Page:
Moss then tried to vacate the district court’s motion to compel arbitration, arguing that she could not arbitrate her claims at all since NAF declined her case. The district court granted this motion, finding that the court could not appoint a substitute arbitrator because the parties had specifically designated NAF and because there was no “lapse in time in the naming of the arbitrator or … some other mechanical breakdown in the arbitrator selection process” under Section 5 of the FAA. The banks appealed, seeking to have the appellate court compel Moss to arbitrate before a different arbitrator.
The Second Circuit found that because the parties had designated an “exclusive arbitral forum, the district court cannot circumvent the intent of the parties nor can it appoint a substitute arbitrator.” Therefore, the Second Circuit held that the district court property declined to compel Moss to arbitrate in a “forum to which she did not agree.”
The case is Moss v. First Premier Bank, 15-2513 (2d Cir. 2016).
This is a point I teach in class and I was happy to see it illustrated in a recent case out of Connecticut, Fitzgerald Management, LLC v. Fitzgerald, FBTCV166056848S (behind paywall). In the case, the defendant alleged that her father had promised multiple times to give her title to her residence if she took care of her grandmother and maintained other properties. Unfortunately, this alleged agreement between the defendant and her father was entirely oral and never committed to paper, in contravention of the statute of frauds admonition that contracts regarding real estate be in writing.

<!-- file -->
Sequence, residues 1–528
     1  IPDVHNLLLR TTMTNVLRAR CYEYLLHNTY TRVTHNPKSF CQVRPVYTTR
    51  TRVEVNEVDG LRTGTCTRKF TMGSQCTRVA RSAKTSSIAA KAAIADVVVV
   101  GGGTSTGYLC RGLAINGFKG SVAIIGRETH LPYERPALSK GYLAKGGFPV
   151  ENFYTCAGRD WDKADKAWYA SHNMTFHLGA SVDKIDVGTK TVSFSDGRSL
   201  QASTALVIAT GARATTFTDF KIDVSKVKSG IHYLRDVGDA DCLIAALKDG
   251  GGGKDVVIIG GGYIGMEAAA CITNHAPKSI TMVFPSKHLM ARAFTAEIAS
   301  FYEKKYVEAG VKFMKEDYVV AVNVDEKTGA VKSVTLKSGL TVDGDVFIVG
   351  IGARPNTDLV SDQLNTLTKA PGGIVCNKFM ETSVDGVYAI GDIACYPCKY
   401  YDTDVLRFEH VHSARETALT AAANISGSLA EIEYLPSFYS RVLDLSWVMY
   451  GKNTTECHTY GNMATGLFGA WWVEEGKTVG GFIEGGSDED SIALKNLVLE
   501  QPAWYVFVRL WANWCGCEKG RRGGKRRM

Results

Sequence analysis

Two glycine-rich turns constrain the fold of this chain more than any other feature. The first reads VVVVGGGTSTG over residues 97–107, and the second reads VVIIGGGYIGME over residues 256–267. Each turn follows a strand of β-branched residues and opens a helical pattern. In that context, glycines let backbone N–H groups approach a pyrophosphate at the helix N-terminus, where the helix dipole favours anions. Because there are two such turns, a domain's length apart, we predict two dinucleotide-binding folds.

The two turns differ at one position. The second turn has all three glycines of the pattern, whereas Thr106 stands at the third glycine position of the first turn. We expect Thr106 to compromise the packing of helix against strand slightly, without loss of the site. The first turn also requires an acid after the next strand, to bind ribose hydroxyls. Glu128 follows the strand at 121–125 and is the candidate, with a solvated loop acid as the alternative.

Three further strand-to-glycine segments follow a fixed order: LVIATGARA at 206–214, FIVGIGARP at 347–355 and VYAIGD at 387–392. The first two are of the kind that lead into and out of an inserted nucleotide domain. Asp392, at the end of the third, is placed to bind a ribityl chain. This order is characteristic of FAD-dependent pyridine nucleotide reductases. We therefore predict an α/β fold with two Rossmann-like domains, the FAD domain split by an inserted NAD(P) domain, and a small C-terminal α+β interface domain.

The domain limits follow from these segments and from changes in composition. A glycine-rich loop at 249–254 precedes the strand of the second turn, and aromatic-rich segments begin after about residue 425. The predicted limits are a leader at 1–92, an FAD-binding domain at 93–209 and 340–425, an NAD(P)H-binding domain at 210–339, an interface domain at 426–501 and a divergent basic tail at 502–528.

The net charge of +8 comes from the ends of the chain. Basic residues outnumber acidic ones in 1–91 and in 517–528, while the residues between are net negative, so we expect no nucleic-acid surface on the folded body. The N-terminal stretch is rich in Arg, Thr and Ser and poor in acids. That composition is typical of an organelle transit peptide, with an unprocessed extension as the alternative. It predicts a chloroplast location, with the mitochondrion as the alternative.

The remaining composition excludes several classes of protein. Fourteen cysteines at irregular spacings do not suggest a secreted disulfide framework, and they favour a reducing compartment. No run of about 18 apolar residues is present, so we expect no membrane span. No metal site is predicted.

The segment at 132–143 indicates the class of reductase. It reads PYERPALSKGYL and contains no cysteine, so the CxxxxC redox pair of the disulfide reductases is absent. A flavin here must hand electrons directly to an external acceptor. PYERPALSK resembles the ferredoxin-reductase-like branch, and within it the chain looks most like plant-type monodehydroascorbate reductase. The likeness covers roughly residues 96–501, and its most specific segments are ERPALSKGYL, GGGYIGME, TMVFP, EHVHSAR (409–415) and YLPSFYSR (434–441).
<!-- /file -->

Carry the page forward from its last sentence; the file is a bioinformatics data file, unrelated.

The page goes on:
Whenever I teach equitable estoppel in connection with the statute of frauds, I note that one of the situations where you see it come up most often is in family situations, where people might not think to enter into formal written contracts or, if they think about it, might be reluctant to insist upon it because it might be perceived as implying a lack of trust. This situation, about an agreement between a father and a daughter, fits that mold. The daughter alleged that, in reliance on her father's promise, she performed substantial improvements on the property at issue. The court found that this reliance on the daughter's part was reasonable. The daughter took care of her grandmother and maintained the requested properties, thus fulfilling her part of the bargain. At this stage of the litigation, the court found that this could entitle the daughter to equitable estoppel preventing the invocation of the statute of frauds against the agreement with her father.